October (mid) 2016

I'm loving our fresh look website.  It's a great incentive to create some new, easy to prepare scrumptious things to eat. So, this weekend with two chicken breasts as the base, a few salicylate safe ingredients, a pan, hot element and 20 minutes of time, a delicious chicken toss was the result.  

 

Chicken Toss

2 skinless chicken breasts, finely cut in strips

1 stick very finely diced celery

1/2 white part of leek, very finely sliced

2 rashers bacon, finely chopped

1 clove garlic finely chopped

1 tablespoon finely chopped chives

1 to 2 tablespoons rice bran oil for cooking

1 tablespoon finely grated Parmesan cheese

splash pure maple syrup

1/2 teaspoon finely ground rock salt

 

Sauce mix together

1 teaspoon cornflour with 1/4 cup water, 2 tablespoons cream, 1 tablespoon whisky 

Heat oil in pan, lightly cook leek, bacon, chives and garlic together, stirring a little till slightly golden.  The smell is fabulous.  Next add chicken, and cook, stirring  from time to time to combine with mixture.  Stir in parmesan cheese, maple syrup, salt and celery.  Cook a futher minute or two.  Stir through combined sauce ingredients.  The liquid will thicken in a minute or two and the dish is ready to serve with a side of rice, mashed potato or quinoa, plus a crisp green salad or steamed Chinese cabbage or Brussels Sprouts. 

Serves 4

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September (middle) 2016
We've been enjoying home baked custard.  Our favourite is delicious tasting Creme Caramel.  Easy and great for guests or as a treat at any time, I make 6 individual little pots, small souffle/ramekin size, at a time.  I don't unmould the custards, so there's the added delight of melted caramel when you dip your spoon in the custard.
                                                             
Creme Caramel
For caramel - 1/2 cup fine caster sugar plus water
For custard -   2 1/2 cups full cream milk
1/2 teaspoon vanilla paste or 1 teaspoon pure vanilla essence or 1 vanilla pod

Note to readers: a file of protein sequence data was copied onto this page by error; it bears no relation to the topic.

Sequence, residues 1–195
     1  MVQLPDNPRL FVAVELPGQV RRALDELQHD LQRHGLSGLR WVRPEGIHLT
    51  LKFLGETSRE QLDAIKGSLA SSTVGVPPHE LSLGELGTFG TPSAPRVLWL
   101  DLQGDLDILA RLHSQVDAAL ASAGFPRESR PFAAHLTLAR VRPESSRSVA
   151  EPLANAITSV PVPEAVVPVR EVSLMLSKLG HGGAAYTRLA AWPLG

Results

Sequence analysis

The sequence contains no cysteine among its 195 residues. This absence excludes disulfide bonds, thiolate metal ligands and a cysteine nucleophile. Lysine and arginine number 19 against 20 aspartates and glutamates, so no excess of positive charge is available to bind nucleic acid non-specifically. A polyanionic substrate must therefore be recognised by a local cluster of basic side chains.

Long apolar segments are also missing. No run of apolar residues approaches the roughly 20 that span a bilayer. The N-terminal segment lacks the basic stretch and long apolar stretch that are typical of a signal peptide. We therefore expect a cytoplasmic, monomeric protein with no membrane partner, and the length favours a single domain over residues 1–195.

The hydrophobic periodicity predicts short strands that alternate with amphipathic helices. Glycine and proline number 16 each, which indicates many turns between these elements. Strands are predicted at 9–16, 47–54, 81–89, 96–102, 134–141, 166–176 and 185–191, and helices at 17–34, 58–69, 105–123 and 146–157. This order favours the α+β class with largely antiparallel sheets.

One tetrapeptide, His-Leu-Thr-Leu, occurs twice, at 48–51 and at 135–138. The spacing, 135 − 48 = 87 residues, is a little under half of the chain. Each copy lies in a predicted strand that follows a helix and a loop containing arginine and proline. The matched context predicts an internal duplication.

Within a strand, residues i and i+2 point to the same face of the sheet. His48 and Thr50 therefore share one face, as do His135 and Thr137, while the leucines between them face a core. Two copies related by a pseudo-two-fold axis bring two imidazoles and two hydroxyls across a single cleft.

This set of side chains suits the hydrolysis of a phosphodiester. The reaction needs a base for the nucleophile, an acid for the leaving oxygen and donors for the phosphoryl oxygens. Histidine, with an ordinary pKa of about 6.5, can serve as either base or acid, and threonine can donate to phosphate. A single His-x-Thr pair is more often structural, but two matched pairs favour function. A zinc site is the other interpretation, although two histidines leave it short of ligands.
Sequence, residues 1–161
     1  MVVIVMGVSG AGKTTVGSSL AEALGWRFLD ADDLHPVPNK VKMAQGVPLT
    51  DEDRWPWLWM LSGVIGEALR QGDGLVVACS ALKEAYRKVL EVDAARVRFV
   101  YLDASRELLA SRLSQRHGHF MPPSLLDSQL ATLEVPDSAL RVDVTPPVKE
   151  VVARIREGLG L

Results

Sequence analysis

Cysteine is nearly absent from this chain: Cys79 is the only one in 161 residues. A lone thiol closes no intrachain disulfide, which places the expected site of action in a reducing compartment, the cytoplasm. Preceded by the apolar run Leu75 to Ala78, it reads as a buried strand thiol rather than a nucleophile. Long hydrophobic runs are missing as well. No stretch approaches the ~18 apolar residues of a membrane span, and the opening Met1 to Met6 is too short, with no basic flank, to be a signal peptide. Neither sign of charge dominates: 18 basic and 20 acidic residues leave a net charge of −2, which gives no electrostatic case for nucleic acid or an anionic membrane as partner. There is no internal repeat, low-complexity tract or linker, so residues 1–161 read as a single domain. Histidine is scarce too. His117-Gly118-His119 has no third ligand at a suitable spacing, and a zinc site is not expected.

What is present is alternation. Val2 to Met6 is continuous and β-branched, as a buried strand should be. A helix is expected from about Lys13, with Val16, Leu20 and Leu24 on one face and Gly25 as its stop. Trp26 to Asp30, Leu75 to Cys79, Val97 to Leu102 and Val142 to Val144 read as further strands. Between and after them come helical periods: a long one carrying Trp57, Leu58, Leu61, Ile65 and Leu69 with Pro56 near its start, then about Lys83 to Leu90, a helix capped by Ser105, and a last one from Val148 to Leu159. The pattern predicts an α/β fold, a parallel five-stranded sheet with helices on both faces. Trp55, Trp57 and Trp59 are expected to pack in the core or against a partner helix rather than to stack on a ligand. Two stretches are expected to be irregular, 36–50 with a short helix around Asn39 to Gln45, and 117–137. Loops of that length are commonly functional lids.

1/2 cup fine caster sugar
3 whole eggs
3 egg yolks

Make caramel by putting 1/2 cup caster sugar in a small saucepan with enough water to cover sugar.  Heat, stirring to melt sugar till mixture turns a lovely golden colour.  Remove immediately from heat so caramel doesn't burn.  Pour equal amounts into the bottom of 6 little souffle/ramekin dishes and swirl to cover bases evenly.
Preheat oven to 180C/350F. 
Heat milk and vanilla in saucepan till just about to boil.  In medium size bowl, whisk together sugar, whole eggs and egg whites.  A little at a time, whisk milk (remove vanilla bean if used) into sugar/egg mixture. Pour combined mixture over set caramel, into the 6 small souffle/ramekin dishes. Put dishes in large oven dish and pour hot water to reach half way up their sides.  Carefully place in oven and cook about 35 minutes till firm when touched. 
Makes 6
 
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September (early) 2016
I try very hard to make a weekly batch of Anzacs.  They are the homemade biscuit, that without fail, all our family and visitors enjoy.  (Scoll down to September 2012 and you'll find the easy salicylate free recipe). 
It's lovely to try new things too and some time ago I saw a yummy looking recipe for Brown Sugar Shortbread, using walnuts. Replacing these with cashews and making the method really easy, the result was fabulous.  A creamy, crisp Brown Sugar Cashew Shortbread that also keeps incredibly well.

Brown Sugar Cashew Shortbread
150gms butter, melted
1/2 cup fine brown sugar
1/2 cup finely ground cashews (can be raw or lightly roasted but not salted)
1 1/4 cups flour
1/4 cup brown rice flour
20 whole cashews  (can be raw or lightly roasted but not salted)

Preheat oven to 150C/300F or fanbake 140C/280F (I used two trays so cooked with fanbake).
Melt butter, add sugar and beat together 2 to 3 minutes. Stir in ground cashews and then add sifted flours.  Mix well to combine to a firmish dough.  Sprinkle a little extra brown rice flour on board and form biscuit dough into a ball, then roll into a solid sqareish shaped log about 4cm/1 1/2 inches.  You can make a little fatter if you like.  Cut into 1cm/1/2 inch slices.  Re-form a little if you need too.  Press a whole cashew fairly firmly into the top of each uncooked biscuit.  Bake on baking tray/trays lined with baking paper for about 40 minutes. 
Makes about 18 - 20.  

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August 2016